Arkansas Legislators Seek Details on Medicaid Deal

by Andrew DeMillo, The Associated Press  on Sunday, Mar. 3, 2013 2:05 pm  

The announcement last week that the Obama administration had given Arkansas permission to pursue the plan as an alternative to expanding Medicaid eligibility alters a debate that legislators had said would be the top issue of this legislative session. (Photo by Stephanie Dunn)

LITTLE ROCK — Republican legislators who had resisted expanding Medicaid in Arkansas say they're encouraged by a new plan that would allow funds from the federal-state program to purchase private insurance for the newly eligible, but say they need more details on how such a system would work.

The announcement last week that the Obama administration had given Arkansas permission to pursue the plan as an alternative to expanding Medicaid eligibility alters a debate that legislators had said would be the top issue of this legislative session. But state officials and legislators say the idea still has hurdles to face in a majority-Republican Legislature that has generally opposed a straight-up expansion of Medicaid.

"It really just opened up 100 new questions," said House Public Health Committee Chairman John Burris, R-Harrison.

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Under the proposal, low-income citizens — those who make up to 138 percent of the poverty line, which amounts to $15,415 per year — would receive private insurance purchased using federal Medicaid dollars. The insurance would be purchased through the exchange created under the federal health care law.

The money would cover the cost of the private insurance premiums, but the state would have the flexibility to impose co-pays and other charges.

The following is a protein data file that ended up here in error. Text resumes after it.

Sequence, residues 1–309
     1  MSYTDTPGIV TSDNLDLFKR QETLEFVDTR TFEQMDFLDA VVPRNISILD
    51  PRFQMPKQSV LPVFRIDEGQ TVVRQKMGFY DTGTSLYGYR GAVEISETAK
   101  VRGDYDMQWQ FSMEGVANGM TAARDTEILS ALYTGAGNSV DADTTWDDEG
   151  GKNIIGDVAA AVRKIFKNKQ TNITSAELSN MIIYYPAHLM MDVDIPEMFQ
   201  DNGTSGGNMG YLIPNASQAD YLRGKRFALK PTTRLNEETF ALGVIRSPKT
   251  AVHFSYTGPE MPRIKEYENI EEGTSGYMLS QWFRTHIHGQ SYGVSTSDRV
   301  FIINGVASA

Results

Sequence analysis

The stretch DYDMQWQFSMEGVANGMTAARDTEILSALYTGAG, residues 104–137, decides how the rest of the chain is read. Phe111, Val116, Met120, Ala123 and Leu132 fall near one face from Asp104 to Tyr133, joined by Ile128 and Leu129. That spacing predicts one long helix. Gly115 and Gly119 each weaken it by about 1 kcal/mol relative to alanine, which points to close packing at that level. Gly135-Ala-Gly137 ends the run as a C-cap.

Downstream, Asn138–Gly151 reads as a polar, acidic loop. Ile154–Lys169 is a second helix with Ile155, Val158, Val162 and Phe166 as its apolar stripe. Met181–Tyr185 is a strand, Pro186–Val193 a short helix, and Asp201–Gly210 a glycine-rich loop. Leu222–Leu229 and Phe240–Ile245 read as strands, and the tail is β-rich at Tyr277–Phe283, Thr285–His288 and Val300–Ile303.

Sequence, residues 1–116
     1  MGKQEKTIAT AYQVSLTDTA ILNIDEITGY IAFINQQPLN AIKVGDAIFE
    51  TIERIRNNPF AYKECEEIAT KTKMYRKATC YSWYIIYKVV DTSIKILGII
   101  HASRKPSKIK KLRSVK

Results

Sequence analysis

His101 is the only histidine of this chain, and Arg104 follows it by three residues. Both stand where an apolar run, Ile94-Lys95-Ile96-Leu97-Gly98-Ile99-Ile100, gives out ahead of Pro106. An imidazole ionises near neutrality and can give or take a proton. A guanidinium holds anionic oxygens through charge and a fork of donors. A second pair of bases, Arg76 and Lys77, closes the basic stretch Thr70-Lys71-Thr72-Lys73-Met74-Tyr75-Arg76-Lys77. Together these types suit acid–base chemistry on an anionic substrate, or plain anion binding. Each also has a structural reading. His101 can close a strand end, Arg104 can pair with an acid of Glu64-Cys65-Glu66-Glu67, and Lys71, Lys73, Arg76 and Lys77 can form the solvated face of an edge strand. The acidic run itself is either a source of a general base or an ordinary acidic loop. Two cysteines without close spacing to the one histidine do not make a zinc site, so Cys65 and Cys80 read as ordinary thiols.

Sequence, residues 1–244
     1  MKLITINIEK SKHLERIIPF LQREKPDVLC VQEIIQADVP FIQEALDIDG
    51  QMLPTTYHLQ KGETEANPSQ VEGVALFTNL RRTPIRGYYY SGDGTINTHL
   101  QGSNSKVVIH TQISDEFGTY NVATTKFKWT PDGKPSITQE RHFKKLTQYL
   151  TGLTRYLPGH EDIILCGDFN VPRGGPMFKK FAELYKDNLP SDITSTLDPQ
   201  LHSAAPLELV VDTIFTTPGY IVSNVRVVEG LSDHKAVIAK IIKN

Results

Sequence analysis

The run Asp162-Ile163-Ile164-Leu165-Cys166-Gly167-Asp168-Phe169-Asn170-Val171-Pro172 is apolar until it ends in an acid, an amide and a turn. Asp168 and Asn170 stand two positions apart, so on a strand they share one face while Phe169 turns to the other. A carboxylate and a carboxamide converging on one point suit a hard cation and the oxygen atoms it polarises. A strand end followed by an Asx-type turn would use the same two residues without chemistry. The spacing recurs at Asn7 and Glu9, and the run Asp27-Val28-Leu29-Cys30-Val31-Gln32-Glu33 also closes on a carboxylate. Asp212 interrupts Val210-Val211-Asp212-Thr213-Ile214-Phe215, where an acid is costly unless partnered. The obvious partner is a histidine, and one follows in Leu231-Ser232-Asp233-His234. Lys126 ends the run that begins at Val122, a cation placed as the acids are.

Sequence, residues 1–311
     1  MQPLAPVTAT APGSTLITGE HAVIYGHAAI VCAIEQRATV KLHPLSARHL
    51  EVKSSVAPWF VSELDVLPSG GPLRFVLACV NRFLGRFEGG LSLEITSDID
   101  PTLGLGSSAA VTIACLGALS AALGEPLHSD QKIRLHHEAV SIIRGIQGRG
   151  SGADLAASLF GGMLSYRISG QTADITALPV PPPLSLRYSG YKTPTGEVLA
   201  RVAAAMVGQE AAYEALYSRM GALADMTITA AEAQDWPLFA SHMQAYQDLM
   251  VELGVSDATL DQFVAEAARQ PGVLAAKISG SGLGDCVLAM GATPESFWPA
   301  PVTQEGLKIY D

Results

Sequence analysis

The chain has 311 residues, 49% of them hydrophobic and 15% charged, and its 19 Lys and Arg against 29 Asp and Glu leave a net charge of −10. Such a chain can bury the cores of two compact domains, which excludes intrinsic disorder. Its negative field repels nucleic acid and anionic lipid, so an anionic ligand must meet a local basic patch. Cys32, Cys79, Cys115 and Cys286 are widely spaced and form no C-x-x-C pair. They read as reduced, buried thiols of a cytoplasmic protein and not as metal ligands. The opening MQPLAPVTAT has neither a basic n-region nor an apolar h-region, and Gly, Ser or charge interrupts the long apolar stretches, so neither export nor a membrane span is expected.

The federal government would pay the full cost of the health care expansion for the first three years, after which point the state's portion will begin to gradually increase to 10 percent of the cost.

The concept of putting 215,000 uninsured people on private plans offered through the exchange is appealing to Burris and other Republicans, who say the state's Medicaid program can't handle adding that many people to its rolls.

"You are creating a conservative market-based consumer-friendly health care system as opposed to expanding an already broken Medicaid system that's insolvent and provides lower quality of care," Burris said.

State Human Services officials say administrative costs would drop in the long run, and that adding that many people could help strengthen the state's private insurance market.

"Our philosophy has always been we ought to be doing services if it's not available elsewhere," State DHS Director John Selig said last week. "If the private market can serve these people, we in Medicaid don't have any particular desire to."

Selig said the details the state still needs to work out is how to put 215,000 more people on the exchange, which would more than double the number officials had originally anticipated for the insurance marketplace.

 

 

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